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Translating Swahili language and knowledge in colonial and post-colonial Tanzania
In the 1940s, a student from Kenya named James Gekonyo applied to the Chemistry Department of Makerere University in Uganda. When his admissions interviewers asked him to explain the difference between a solid, liquid, and gas, Gekonyo said, "I can hold a solid in my hand and it will stay there; a liquid will run to the floor, and I cannot hold a gas at all." Gekonyo was denied admission—his answer was deemed "silly" by the interviewers.
Gekonyo's interview is just one example of how both interlinguistic and intralinguistic translation can falter and succeed, writes Morgan J. Robinson. In the article "When a Wonder Is Not a Wonder: Swahili, Translation, and the Communication of Knowledge," published in Isis: A Journal of the History of Science Society, Robinson explores these questions within the context of the translation of Swahili language and knowledge during the colonial and postcolonial periods in Tanganyika/Tanzania.
Swahili has been a recorded written language for centuries and traces its roots back over 1,200 years, but colonial-era European academics became interested in the language because they inaccurately believed it represented an early stage of linguistic development. Despite this perception, when British missionaries began working on Zanzibar, they soon set to learning Swahili.
They devised a way to write it in Latin script and produced dictionaries and a language handbook, learning the language from—among others—an eminent Islamic jurist, his associates, and the mission's students. Translation occurred through this web of interlocuters who suggested, affirmed, and revised word lists until all understood.
Yet even as missionaries attempted to codify Swahili, their students shaped it to fit their needs. Robinson cites, for example, the word "kuchenja"—a hybrid the students created of the English word "to change" and the Swahili verb prefix "ku-." This "linguistic flexibility and creativity," Robinson writes, demonstrates "that translation was rarely as simple as moving between a source and a target language—both of which were perpetually in flux."
As Britain consolidated its colonial rule in the 1920s, the administration formed a committee to standardize written Swahili into a "developed" language. It sought to insert the language of science into Swahili (deemed impossible by some) while creating dictionaries and coining new words. The committee was occasionally "confronted by the fact that not only is language a moving target, but so, too, is knowledge."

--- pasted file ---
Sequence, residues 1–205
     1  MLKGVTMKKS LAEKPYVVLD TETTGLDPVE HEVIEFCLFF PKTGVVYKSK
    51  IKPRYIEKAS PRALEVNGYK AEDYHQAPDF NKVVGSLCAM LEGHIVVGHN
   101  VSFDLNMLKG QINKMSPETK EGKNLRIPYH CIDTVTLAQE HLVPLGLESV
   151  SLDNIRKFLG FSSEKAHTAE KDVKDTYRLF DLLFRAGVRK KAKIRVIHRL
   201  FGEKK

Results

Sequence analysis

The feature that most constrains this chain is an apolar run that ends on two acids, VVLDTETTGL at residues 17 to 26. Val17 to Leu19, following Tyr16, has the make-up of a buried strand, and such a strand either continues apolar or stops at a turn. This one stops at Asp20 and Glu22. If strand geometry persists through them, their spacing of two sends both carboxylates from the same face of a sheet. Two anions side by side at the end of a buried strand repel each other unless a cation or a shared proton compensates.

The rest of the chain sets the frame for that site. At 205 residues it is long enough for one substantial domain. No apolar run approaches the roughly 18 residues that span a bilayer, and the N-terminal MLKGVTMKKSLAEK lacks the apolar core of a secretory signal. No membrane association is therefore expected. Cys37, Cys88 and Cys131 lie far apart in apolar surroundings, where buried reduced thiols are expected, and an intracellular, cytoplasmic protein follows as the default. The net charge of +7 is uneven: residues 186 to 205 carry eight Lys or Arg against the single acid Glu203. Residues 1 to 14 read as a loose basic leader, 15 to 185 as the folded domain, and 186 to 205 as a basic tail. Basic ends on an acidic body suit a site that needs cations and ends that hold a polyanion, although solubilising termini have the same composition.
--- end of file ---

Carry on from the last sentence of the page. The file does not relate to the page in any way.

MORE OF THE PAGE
With the dawn of the independence era, translation problems and solutions began to be framed differently, Robinson writes. Tanzania's first president Julius Nyerere used Swahili as an anti-colonial rallying cry and symbol, stressing the connection between the language and the nascent nation. Swahili proved to be a potent national symbol and provided some solutions to translation problems experienced during the missionary and colonial eras.
The author of a science column published in the newspaper Mambo Leo shortly before independence wrote effusively about new technology, clearly demonstrating that the colonial concern that Swahili couldn't convey such complexity was a moot point. Yet a later column confronted the issue of knowledge translation, describing how nature can still astonish the experts, sometimes anticipating the wonders and amazement of technological change.
In the paper's conclusion Robinson emphasizes the role power plays in translation, setting the parameters for what language and expertise was accepted. Writing of ongoing efforts to translate scientific research into African languages and to bring research conducted in Africa onto an equal playing field with the rest of the world, Robinson writes: "Such initiatives are at once hopeful signs of progress and frank reminders that certain communicators of knowledge continue to confront familiar and damaging barriers and that stark inequalities persist in the current global landscape of knowledge production and communication."
More information: Morgan J. Robinson, When a Wonder Is Not a Wonder: Swahili, Translation, and the Communication of Knowledge, Isis (2023). DOI: 10.1086/724869
Provided by University of Chicago